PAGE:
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Exactly What Meets the Eye

July 5th, 2007

I’m going to post about the new Transformers movie. That’s not because I have a burning desire to discuss the new Transformers movie, but because my browser defaults to this page and right now the first thing that pops up is a picture of Cupid as a kitten.

I went to the Monday night premiere of Transformers for similar reasons, hoping that the sight of 30-foot robots ripping the shit out of each other would allow me to numb the sadness I was feeling. It didn’t quite work.

That’s not to say that the movie wasn’t entertaining. It had some pleasant humor, a ridiculously hot “high school” girl, and, of course, robots ripping the shit out of each other.

The highest praise I can give it is that it’s a Michael Bay movie that doesn’t suck. There’s a scene in the film in which a Transformer crashes, meteor-like, to the Earth, and a kid says, “This is 100 times better than Armageddon!” I had to wonder whether that was meant to imply that Armageddon was a good thing or a bad one. The average episode of Meet the Press is also 100 times better than Armageddon. That said, Michael Bay did an adequate job this time out. And I’ll give the man this: he knows how to blow up shit. Transformers is among the most shit-blowing-up movies I’ve seen.

The film itself is a curious beast. A lot of it plays like Independence Day: big action set pieces, military strategy sessions set in high-tech government facilities, and quirky tech-heads researching ways to counter an alien menace. But at the end of the day, this is a movie based on a toy line, which requires the actors to pretend that proper nouns like “Megatron,” “Allspark” and “Decepticon” can be used in serious dialogue.

The effects are wonderful, and Industrial Light & Magic design staff did an excellent job making it seem plausible that a giant robot could turn into a tank or a Dodge Camaro. (Many of the actual toys, fettered by actual Earth engineering, look clunky in either their robot or “transformed” modes.) The only complaint I have about the effects is that the hyperactive camera work sometimes made it difficult to fully appreciate the battle scenes.

One other criticism I have is that Megatron didn’t cut it as the film’s primary villain. He didn’t show up until the final act, and had little opportunity to demonstrate a personality outside of “Crush! Kill! Destroy!” And, most importantly in a film about transforming robots, he didn’t turn into anything cool. While the other Decepticons were becoming tanks, helicopters and police cars with holographically-projected “drivers” (a nice touch, I thought), Megatron’s other mode was a flying whatzit. I would’ve preferred the giant pistol from the old cartoons.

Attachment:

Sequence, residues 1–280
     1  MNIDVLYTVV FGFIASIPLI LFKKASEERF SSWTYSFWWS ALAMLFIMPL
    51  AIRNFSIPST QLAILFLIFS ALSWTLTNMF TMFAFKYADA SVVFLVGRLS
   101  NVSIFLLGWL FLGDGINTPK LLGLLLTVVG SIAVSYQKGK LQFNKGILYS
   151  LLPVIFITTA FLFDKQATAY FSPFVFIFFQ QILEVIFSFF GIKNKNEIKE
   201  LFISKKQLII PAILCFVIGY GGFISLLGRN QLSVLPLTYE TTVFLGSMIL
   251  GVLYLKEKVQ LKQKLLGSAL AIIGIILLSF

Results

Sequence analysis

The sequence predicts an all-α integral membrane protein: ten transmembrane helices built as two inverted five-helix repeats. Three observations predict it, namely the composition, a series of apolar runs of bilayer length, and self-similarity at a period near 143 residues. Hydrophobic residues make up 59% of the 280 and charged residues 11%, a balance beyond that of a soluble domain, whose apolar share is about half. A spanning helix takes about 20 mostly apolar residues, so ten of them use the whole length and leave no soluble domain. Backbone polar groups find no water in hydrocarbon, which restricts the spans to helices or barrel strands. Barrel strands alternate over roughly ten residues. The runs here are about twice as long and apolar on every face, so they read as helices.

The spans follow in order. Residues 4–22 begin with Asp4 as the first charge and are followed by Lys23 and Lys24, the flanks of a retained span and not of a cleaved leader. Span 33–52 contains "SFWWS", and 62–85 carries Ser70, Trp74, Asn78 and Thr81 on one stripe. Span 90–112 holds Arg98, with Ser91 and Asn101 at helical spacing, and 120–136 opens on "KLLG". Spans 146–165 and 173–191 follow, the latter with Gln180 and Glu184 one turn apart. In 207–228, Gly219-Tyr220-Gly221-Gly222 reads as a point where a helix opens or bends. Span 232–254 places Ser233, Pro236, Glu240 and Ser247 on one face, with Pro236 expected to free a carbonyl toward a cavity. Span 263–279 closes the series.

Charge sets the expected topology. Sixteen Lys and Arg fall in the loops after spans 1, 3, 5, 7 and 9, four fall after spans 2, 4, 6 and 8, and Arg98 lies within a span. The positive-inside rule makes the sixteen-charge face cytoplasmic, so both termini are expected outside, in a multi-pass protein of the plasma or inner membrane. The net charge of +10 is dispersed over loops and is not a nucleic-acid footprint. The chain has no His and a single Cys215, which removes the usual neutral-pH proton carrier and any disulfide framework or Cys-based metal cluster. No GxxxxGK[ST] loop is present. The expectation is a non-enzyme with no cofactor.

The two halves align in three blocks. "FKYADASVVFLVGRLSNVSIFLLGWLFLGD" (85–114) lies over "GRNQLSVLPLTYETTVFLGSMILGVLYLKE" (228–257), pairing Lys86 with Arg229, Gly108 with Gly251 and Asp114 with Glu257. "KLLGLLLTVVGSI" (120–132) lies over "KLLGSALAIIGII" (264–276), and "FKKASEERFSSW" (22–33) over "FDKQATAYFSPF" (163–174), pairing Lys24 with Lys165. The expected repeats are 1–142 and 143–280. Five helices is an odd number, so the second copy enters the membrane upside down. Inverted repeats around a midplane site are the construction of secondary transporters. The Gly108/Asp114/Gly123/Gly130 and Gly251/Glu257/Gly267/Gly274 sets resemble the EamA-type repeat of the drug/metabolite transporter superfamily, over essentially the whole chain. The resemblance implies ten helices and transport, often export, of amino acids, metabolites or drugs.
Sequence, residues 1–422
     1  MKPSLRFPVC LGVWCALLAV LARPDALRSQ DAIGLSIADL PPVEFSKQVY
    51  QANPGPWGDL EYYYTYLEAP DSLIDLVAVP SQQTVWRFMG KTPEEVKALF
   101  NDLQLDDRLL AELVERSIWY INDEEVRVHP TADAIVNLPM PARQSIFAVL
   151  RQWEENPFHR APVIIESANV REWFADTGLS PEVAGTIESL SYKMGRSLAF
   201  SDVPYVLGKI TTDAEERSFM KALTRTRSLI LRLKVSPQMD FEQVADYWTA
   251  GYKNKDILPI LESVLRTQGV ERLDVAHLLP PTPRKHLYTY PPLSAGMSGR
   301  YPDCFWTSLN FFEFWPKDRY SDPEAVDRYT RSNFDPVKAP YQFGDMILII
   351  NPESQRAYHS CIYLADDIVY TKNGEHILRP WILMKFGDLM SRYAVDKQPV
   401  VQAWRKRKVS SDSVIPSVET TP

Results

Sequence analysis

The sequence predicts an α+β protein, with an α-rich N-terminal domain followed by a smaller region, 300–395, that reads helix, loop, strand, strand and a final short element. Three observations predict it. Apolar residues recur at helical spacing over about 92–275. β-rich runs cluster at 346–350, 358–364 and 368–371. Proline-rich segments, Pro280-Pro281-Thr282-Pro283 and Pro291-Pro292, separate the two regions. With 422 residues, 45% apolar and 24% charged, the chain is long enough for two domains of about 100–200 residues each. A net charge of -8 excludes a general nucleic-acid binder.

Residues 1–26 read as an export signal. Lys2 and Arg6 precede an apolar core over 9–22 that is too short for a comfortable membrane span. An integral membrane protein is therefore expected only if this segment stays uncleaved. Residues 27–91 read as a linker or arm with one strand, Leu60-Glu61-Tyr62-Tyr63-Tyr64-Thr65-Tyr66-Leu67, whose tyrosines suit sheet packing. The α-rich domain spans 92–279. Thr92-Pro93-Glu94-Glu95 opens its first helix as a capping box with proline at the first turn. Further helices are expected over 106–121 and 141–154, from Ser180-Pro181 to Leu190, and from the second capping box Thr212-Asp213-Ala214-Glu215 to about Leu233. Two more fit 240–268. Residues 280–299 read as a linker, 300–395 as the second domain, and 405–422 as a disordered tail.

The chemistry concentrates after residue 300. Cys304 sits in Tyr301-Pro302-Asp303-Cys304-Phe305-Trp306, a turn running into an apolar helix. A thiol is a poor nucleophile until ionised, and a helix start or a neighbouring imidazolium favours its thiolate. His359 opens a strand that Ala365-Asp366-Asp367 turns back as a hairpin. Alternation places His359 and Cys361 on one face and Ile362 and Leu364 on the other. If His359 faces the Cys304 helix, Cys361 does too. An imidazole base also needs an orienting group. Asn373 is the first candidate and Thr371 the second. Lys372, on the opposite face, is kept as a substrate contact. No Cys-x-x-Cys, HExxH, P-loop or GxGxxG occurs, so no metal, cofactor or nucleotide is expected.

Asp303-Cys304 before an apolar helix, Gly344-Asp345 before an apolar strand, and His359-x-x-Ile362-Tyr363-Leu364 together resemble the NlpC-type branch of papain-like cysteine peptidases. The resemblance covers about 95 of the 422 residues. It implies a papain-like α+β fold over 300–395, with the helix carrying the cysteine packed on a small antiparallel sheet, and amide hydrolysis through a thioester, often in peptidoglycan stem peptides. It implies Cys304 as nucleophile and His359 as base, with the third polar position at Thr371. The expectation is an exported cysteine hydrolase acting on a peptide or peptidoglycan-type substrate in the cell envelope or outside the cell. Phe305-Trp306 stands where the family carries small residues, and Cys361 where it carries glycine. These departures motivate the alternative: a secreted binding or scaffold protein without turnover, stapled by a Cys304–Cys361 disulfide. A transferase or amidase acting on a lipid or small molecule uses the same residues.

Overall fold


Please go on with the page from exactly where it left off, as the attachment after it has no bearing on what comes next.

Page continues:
As I mentioned, there’s some appealing humor, most especially in a rather silly scene in which the Autobots (who, again, are about thirty feet tall) attempt to “hide” in the main character’s back yard. It’s absurd, but at least the movie recognizes the absurdity and runs with it.

While I’m sure that some diehard Transformers will have many other nits to pick, from my perspective as someone who watched a great many episodes of the original cartoon back in college BECAUSE THERE WAS NOTHING ELSE ON, I found it to be as good a movie as one was likely to derive from the concept.

Update: I failed to mention the other notable aspect of my Monday night movie trip: a look at the mysterious trailer for J.J. Abrams’ latest project. All anyone officially knows about it is that it’s coming out on January 18. No title, no nothing. I hadn’t even heard that much prior to Monday. However, it appears to be nothing less than a cross between The Blair Witch Project and Godzilla, with shaky camcorder footage of people at a party in New York witnessing explosions and monstrous sounds coming from far across the cityscape, not to mention a rather surprising decapitation. Consider me intrigued.

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